Department of Natural Sciences and Environmental Health, Faculty of Technology, Natural Sciences and Maritime Sciences, University of South-Eastern Norway, Gullbringvegen, Bø i Telemark, Telemark, Norway.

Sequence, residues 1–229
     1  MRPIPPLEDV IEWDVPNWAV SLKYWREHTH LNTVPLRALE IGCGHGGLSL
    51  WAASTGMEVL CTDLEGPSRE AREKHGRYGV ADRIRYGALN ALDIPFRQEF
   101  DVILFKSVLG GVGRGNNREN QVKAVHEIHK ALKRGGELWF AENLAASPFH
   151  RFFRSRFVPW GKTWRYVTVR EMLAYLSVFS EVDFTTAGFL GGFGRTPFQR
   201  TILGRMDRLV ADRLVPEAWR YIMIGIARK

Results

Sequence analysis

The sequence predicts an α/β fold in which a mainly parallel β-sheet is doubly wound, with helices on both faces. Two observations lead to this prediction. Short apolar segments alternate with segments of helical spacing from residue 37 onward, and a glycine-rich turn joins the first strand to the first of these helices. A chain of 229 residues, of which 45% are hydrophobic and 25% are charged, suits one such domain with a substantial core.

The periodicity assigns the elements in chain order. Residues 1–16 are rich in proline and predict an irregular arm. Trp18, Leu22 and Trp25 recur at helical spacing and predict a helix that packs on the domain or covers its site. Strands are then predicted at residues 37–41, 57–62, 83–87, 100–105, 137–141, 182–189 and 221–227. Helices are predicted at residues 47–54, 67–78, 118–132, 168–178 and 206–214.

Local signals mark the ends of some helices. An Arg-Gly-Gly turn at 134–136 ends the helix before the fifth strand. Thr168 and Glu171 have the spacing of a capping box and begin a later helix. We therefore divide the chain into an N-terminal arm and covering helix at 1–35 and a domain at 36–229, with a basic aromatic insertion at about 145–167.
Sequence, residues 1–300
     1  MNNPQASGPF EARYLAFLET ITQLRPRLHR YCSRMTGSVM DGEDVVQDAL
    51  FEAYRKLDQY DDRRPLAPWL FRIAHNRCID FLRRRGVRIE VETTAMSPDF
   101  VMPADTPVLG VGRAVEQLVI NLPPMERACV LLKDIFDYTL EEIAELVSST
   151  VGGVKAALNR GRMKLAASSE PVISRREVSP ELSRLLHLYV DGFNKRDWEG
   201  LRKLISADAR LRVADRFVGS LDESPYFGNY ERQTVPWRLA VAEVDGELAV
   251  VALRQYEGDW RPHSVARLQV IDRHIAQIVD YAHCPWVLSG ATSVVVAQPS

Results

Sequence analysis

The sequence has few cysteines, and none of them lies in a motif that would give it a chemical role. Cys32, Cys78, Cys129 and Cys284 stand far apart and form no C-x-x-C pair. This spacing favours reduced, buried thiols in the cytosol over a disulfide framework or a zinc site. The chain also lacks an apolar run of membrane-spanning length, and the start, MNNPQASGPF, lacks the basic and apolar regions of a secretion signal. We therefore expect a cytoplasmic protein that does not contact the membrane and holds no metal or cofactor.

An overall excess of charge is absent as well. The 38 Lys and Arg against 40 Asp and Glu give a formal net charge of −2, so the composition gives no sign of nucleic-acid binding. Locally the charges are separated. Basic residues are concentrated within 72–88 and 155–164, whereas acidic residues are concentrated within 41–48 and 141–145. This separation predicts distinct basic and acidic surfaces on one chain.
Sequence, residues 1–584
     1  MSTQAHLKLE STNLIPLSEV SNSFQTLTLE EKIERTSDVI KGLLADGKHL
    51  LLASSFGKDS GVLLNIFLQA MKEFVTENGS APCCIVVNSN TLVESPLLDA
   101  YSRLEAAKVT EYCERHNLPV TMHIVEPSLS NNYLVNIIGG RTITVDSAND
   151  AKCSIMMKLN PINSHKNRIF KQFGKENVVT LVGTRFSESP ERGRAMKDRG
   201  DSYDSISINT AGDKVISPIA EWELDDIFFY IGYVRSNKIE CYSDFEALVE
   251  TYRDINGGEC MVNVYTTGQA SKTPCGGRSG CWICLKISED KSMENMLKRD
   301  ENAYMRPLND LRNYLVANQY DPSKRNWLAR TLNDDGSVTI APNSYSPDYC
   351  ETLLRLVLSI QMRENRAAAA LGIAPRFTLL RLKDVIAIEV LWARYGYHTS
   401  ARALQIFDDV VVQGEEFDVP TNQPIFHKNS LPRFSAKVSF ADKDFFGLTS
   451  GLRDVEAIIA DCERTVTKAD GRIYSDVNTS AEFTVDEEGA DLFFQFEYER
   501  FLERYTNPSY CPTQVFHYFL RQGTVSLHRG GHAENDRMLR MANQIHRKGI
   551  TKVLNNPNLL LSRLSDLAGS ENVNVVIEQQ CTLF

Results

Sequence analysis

The boundary between the boreal and arctic biomes in northwest Europe has been a matter of debate for many years. Some authors consider that the boundary is marked by the northern limit of tree growth in the northernmost Norwegian mainland. In this study we have collected air and soil temperature data from 37 heath stands from northern Finnmark (71°N), the northernmost part of the Norwegian mainland, through Bear Island (74°N) in the Barents sea, to Adventsdalen (78)°N (in Spitsbergen) in Svalbard archipelago. In Finnmark, plots both south and north of the treeline were investigated. Vegetation and soil chemistry analyses were performed on the plots in Finnmark and Svalbard. Significant decreasing south-north trends in air and soil temperatures were observed from Finnmark to Spitsbergen. Soils in Finnmark were acidic and rich in organic matter, while those on Adventsdalen were basic and poor in organic matter. Vegetational analysis identified five communities: three in Finnmark and two on Adventsdalen. The communities in Finnmark had marked mutual similarities but were very different from those on Adventsdalen. No significant ecological differences between heaths south and north of the treeline in Finnmark were observed. Air and soil temperature variables in Finnmark were outside the recognized range for the arctic biome and inconsistent with the presence of permafrost both south and north of the treeline. A major difference between Finnmark and Spitsbergen was amount of soil frost and length of the growing season. Our results suggest that the boreal biome extends all the way to the north coast of mainland Norway; and previously used division of heaths in Finnmark into boreal, alpine and arctic biomes is not justified.